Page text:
Novel Nutrition Bar Improves Asthma Symptoms in Obese Teens

Note: The study was supported by the Children’s Hospital Oakland Research Institute – Ames Foundation and a grant from the UCSF Clinical and Translational Science Institute Pilot Awards program (formerly Strategic Opportunities Support program) to co-first author Mustafa Bseikri, MD.

A pilot clinical trial by UCSF Benioff Children’s Hospital Oakland Research Institute (CHORI) researchers has found that targeted nutrient therapy can improve lung function in obese individuals with asthma, without requiring weight loss. The study, published on July 19 in The FASEB Journal, demonstrated that eating two CHORI-Bars daily for eight weeks improved lung function in obese adolescents with a form of asthma that is resistant to usual treatments.

Bruce Ames, PhD, senior scientist at CHORI and senior author of the FASEB paper, along with his colleague Mark Shigenaga, PhD, a co-author and expert in gut health, originated the idea for the CHORI-Bar, a patent-pending supplement bar designed to fill nutritional gaps in poor diets. The bar was developed over a period of 10 years, guided by some 15 small clinical trials, by a team of scientists in Ames’ group at CHORI, in collaboration with the USDA’s Healthy Processed Foods Research Unit.Bruce Ames, PhD, has developed the CHORI-Bar over 10 years to fill nutritional gaps in poor diets.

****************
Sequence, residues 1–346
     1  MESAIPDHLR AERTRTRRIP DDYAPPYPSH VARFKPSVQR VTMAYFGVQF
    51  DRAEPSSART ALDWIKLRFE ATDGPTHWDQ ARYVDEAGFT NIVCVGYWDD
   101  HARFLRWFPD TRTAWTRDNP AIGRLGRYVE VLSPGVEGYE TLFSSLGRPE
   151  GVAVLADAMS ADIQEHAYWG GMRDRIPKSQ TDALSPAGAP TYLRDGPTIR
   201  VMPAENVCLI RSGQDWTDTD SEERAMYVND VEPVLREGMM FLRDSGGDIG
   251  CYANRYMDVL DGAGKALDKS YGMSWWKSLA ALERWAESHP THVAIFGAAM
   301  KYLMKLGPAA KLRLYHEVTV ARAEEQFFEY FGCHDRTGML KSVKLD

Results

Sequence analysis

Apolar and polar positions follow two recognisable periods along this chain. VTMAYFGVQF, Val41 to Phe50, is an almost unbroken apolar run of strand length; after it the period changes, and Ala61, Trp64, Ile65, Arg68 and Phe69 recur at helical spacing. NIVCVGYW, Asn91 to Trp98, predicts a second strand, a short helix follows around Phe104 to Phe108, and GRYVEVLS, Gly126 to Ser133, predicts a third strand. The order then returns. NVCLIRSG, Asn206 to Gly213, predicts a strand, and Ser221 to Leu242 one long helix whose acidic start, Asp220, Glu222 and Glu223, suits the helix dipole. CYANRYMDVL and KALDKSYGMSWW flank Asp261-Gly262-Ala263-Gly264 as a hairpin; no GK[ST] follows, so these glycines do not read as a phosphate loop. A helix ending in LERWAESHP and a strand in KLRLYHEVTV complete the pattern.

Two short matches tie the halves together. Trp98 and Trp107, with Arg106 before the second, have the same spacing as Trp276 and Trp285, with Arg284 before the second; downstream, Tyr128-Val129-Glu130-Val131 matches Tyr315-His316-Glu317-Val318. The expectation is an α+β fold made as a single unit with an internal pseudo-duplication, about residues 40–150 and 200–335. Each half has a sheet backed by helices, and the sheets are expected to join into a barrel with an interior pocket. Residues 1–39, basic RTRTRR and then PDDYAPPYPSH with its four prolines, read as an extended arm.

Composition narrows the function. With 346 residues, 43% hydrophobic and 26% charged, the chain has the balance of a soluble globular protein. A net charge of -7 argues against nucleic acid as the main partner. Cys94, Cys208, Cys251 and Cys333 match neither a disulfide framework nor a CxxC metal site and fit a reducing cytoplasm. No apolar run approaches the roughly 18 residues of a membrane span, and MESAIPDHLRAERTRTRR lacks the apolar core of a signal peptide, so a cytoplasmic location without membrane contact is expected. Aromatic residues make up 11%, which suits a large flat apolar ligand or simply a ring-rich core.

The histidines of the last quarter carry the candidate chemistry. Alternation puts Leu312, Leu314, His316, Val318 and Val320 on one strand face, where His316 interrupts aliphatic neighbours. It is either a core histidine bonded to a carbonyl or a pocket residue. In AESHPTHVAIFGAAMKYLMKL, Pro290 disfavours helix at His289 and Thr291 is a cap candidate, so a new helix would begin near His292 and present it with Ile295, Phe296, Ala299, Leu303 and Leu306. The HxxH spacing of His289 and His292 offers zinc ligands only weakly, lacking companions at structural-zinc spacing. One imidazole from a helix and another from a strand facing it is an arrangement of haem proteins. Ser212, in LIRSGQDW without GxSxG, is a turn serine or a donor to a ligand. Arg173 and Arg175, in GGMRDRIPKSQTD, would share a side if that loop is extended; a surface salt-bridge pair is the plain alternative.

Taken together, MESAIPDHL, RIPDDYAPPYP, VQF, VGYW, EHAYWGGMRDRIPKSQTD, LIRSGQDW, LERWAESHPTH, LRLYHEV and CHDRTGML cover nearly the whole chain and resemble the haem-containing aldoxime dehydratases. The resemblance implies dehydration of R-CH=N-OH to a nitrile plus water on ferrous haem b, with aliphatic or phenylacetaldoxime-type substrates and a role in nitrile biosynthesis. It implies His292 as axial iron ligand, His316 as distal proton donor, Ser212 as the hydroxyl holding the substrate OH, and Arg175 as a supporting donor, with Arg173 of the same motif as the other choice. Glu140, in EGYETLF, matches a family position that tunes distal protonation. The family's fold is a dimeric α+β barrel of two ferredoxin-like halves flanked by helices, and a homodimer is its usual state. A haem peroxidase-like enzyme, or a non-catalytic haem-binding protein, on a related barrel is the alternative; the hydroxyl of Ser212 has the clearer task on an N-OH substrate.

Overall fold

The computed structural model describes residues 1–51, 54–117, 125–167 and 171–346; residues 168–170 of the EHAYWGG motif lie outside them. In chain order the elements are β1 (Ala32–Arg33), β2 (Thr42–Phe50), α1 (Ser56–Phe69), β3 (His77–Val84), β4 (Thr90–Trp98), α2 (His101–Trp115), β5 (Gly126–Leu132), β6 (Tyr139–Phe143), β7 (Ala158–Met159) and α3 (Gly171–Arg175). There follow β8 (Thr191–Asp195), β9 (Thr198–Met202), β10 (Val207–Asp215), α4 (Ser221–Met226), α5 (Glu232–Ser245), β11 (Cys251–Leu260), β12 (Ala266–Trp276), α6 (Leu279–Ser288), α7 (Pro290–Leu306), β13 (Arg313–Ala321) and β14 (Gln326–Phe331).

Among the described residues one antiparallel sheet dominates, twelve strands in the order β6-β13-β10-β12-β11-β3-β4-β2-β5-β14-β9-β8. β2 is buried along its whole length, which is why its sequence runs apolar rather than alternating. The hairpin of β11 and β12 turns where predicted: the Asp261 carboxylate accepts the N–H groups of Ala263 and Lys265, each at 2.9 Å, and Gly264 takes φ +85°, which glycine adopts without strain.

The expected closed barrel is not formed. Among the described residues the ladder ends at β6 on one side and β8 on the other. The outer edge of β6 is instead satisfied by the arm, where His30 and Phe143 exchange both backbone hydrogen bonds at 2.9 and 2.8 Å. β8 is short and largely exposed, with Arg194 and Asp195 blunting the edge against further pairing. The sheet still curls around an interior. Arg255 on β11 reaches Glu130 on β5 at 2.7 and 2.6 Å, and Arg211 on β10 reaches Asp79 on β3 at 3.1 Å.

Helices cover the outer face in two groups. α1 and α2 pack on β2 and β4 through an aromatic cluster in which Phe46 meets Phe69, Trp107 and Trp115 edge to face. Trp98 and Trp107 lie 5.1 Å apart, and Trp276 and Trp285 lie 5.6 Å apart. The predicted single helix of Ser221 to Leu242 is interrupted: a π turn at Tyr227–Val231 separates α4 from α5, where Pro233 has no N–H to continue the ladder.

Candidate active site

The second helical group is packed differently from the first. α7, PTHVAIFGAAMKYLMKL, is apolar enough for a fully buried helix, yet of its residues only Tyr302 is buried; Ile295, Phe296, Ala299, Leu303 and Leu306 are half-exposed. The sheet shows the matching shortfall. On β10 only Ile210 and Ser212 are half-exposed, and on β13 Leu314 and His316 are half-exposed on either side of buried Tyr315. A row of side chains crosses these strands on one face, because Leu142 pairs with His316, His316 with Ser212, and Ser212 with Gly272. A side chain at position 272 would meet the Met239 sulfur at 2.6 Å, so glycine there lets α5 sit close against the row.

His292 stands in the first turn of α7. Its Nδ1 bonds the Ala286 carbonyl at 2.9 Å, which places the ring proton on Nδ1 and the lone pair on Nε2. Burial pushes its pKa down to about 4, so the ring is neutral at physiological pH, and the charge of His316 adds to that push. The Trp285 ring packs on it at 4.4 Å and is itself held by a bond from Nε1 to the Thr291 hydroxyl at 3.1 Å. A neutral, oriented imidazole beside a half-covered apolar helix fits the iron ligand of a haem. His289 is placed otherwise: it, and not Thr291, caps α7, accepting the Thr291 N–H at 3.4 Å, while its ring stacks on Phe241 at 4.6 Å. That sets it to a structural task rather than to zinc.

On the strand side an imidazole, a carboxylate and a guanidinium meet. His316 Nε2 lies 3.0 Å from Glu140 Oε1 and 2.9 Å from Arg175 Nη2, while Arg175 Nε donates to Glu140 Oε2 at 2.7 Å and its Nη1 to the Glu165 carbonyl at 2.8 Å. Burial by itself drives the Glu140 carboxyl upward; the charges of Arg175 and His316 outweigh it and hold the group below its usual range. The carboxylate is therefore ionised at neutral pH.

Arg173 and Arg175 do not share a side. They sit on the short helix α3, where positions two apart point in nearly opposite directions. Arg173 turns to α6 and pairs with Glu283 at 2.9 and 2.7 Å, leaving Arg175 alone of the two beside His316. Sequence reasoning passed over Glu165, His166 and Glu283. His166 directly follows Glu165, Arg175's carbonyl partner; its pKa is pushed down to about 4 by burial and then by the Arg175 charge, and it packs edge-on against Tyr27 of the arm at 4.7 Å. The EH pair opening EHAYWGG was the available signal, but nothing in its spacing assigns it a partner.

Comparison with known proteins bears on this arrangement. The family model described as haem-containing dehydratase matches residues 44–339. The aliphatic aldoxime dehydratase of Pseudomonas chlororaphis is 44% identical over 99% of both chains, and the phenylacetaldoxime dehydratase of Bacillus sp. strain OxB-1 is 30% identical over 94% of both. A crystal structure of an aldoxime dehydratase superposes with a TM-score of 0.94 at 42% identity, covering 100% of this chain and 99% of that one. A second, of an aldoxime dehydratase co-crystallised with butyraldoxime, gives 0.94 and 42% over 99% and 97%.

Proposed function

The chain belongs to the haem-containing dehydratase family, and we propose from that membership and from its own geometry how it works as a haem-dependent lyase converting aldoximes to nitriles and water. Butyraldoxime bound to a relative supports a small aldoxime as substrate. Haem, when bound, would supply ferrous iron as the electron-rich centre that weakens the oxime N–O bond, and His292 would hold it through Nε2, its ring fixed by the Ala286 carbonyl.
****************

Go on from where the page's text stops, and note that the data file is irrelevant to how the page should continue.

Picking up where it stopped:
“The obese are eating the worst diets,” said Ames. “Our group had previously demonstrated that the CHORI-Bar improved metabolic health in obese, otherwise healthy, adults. We wanted to test whether the bar would also benefit people that had been diagnosed with obesity-linked conditions, such as diabetes and hypertension.”

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